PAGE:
The teacher gently guides the student’s attention back to the piano, and guides through different techniques for putting hands together.
Student achieves some hands together playing and is able to go home and practise.
Note that none of this is poor teaching practice, and although the description is brief, the teacher is clearly being positive towards the student, not admonishing them for their frustration, simply guiding them back to the task in hand, and helping with whatever techniques they generally use in this situation, which has the end result of the student achieving hands together playing.
So how could this scenario be different in a more student-led lesson?
It might start off the same, remembering that the teacher still has some degree of structure and planning with the lesson, to give the both student and teacher security and a clear path of progression.
Therefore, the first part would be the same:
It is at the point where the student moves towards the percussion box, however, that the lesson would shift.
Understanding why the student has done this is important in helping to guide what to do next.
The student is frustrated and wants to stop what they are currently doing. But crucially, they have not got frustrated with making sounds, otherwise they would have stopped completely, perhaps expressing verbally an “I can’t do this” or “this is too hard”, or the old classic “how long before the lesson finishes?”. The student wants to continue, they just need a new medium, and in a simple non-verbal (probably sub-conscious) move, they have communicated how they wish to do this.
And so, the teacher, rather than guiding the student back to the planned task, joins the student at the percussion box, and asks them which is their favourite percussion sound.
The teacher then picks up some percussion themselves, and together they play with different sounds for a while.
The teacher then asks the student to use their instrument to sound out the rhythm of the right hand of the piece they are learning. Once they have done this, they teacher asks the student to do it again, while the teachers sounds out the rhythm of the left.
Teacher and student then swap hands (and instruments too, if the student wishes).
Once the student has got the hang of this, the teacher asks the student if they can sound out the rhythm, hands together, using both percussion instruments.
Teacher suggests different variations, and asks the student to suggest their own too: perhaps the teacher can play one hand on the piano while the student sounds out the other on percussion? Perhaps teacher and student try alternate lines, or bars?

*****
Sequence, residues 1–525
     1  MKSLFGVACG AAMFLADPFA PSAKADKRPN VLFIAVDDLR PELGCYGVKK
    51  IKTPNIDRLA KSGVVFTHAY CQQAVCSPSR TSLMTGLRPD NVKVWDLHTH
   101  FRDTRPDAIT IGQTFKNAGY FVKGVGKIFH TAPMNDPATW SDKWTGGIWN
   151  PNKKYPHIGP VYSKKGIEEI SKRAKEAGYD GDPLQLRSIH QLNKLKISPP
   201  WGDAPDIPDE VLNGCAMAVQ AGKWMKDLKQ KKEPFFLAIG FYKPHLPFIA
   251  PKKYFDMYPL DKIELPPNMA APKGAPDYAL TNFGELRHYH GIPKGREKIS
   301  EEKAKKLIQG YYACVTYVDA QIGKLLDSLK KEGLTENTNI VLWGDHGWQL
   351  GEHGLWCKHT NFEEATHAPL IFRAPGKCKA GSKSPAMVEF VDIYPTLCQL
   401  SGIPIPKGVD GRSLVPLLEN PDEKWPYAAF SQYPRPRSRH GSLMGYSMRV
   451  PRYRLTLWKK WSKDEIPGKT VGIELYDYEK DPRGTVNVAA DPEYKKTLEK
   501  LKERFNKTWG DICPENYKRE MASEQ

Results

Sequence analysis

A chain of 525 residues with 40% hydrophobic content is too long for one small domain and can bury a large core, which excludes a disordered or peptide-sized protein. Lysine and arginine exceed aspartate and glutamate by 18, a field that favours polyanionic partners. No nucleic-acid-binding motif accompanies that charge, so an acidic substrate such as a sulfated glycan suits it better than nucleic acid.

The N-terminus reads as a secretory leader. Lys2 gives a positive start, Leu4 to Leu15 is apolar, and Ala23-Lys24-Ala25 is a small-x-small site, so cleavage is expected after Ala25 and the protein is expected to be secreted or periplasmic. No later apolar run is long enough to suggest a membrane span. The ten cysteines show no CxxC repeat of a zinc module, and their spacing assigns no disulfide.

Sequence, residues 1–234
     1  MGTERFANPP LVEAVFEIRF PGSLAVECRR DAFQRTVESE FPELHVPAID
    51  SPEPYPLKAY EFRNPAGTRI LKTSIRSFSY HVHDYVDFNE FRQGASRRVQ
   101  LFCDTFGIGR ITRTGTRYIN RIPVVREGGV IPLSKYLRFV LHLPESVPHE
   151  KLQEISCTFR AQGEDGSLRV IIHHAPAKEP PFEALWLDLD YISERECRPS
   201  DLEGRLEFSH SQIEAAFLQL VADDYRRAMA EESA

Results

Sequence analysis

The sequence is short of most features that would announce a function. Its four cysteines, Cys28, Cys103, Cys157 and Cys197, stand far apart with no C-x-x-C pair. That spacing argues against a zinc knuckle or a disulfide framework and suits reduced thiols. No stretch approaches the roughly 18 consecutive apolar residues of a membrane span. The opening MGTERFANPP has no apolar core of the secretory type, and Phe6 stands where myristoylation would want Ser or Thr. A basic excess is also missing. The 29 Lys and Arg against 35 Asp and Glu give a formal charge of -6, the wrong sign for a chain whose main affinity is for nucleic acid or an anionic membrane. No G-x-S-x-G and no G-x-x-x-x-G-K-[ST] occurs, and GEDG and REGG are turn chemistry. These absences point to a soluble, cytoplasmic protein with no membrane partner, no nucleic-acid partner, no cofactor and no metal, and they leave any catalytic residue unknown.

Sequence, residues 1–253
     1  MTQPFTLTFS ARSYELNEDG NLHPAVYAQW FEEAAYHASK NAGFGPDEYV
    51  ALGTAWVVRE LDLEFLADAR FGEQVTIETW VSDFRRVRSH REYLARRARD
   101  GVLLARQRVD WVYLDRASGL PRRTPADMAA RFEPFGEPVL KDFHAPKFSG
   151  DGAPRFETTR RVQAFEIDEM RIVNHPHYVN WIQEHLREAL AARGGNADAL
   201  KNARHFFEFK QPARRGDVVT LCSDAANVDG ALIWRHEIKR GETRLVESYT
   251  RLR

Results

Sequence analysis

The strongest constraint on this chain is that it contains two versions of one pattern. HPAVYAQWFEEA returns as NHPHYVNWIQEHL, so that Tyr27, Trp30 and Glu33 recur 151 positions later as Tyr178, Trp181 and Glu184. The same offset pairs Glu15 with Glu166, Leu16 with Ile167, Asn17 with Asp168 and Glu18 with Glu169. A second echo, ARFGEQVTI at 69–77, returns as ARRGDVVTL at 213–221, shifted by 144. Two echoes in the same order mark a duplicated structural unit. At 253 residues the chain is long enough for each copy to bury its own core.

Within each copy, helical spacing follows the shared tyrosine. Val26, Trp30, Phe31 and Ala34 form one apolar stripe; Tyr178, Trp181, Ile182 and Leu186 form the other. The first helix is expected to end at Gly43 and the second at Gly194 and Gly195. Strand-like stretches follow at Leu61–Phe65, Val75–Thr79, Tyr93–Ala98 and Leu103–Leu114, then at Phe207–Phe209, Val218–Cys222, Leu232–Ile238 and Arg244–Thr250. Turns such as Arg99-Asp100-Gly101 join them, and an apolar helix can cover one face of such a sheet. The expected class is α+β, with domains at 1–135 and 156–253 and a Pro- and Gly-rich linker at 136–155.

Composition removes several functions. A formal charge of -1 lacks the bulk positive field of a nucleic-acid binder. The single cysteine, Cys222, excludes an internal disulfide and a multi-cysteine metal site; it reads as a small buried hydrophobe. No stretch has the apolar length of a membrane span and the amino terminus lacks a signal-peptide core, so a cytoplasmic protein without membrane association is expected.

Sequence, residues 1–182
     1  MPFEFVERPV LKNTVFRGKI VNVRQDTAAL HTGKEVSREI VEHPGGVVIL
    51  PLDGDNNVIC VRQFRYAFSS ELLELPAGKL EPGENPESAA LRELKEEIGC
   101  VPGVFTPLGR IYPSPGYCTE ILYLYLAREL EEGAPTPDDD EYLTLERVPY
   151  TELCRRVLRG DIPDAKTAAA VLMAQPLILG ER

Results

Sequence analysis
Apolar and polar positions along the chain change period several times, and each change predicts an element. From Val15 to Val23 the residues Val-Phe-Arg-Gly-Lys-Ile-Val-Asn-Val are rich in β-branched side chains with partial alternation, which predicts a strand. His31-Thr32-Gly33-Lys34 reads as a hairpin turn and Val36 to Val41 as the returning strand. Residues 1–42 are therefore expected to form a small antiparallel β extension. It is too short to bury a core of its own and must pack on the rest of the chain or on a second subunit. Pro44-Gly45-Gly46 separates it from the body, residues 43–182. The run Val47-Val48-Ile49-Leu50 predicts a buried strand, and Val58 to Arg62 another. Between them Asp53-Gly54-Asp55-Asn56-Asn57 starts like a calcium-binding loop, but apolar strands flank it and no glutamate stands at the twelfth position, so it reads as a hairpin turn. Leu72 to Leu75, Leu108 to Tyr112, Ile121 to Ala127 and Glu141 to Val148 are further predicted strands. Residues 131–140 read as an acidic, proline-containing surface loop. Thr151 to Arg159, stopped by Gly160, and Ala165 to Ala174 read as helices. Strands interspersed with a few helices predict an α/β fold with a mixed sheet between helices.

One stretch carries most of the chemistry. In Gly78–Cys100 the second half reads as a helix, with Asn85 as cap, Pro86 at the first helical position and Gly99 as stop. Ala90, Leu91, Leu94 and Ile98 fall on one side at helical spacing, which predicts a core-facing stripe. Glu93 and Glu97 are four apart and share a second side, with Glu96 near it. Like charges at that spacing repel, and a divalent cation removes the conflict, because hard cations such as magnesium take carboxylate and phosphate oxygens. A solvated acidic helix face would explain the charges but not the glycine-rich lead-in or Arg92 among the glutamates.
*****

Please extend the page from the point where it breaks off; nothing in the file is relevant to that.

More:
Finally, the teacher asks the student if they are now ready to try playing hands together on the piano.
Interestingly, it as this point, that the student may say no, and it’s important to realise that this is fine. This might simply mean that their at home practise is to try and get the percussion hands together at home, which would mean that two elements, those of rhythm and of co-ordination, are well and truly practised in for the following week. This means that there may sometimes be less immediately obvious tangible ‘results’ from a student-led session than a teacher-led session. However, learning in this way empowers a student as they are always learning in the way that works best for them, at a pace that works best for them, in a medium that works best for them, in an environment that works best for them. And ultimately, this can only be beneficial for a young musician.
We’re going to need a bigger boat…
Student led teaching is a fascinating, and huge subject, one that is far too big for a single blog post. I have not mentioned the young student who loves playing scales and since transferring to me is learning every scale in every key, in multiple articulations, rather than just the exam syllabus, because that’s what he loves to do. Neither have I mentioned the advanced student who was struggling with a Mozart sonata, and in an attempt to vent his frustration and annoy me (it didn’t work…) transposed the first phrase into a new key. Of course, my immediate reaction was “Great! Can you transpose the rest into that key? And 4 other keys as well?”, which we spent the rest of the lesson doing, much to his surprising enjoyment.
And finally, my teaching studio has a very high proportion of neurodiverse piano students, which means those who are autistic, dyspraxic, dyslexic, dyscalculic, or who have ADHD. And I count myself amongst the neurodiverse tribe, too, which means I learn and retain information differently from the typical person (and undoubtedly teach differently from the typical teacher!).
As students, we are in particular need of lessons which reflect our musical, sensory, social, and emotional needs and wishes, however these shift during the course of a lesson. Student led teaching not only helps to respect this, but can be a practical and simple way of putting an intuitively supportive environment in place.
I am getting a growing number of enquiries from parents of autistic children (and autistic adults) looking for piano lessons*. But how does teaching an autistic learner differ to teaching a non-autistic learner? Or perhaps a better question would be, how does being an autistic learner differ from being a non-autistic learner?
The first thing for any teacher to understand is that autistic students are not a homogenous group. There is no ‘autistic piano method’. As a teacher working with autistic students, you may come across learners who are non-verbal, communicate through echolalia (repeating phrases or sounds), can’t-get-a-word-in-edgeways-chatty, socially anxious, quiet, noisy, sound-averse, shy, confident, instantly good readers, struggle with notation, have great aural memories, have poor aural memories, highly creative, thrive on accuracy and detail, you get the idea…
None of which actually answers the question of learning and teaching.
Except in a way, it does.
Autism still has a lot of stigma attached to it, and a great deal of myths. Language is important too, and many autistic adults (who it should be remembered were autistic children once) are now saying that professionals working with autistic children need to look beyond the commonly used ‘deficit’ or ‘medical’ model of comparing autistic behaviours to non-autistic behaviours and marking anything different as ‘abnormal’ or ‘wrong’ and in need of ‘intervention’. Instead, we should be supporting autistic people where they need support, and understanding autistic ways of communicating, socialising, and self-care, as being different to non-autistic, but not necessarily problematic.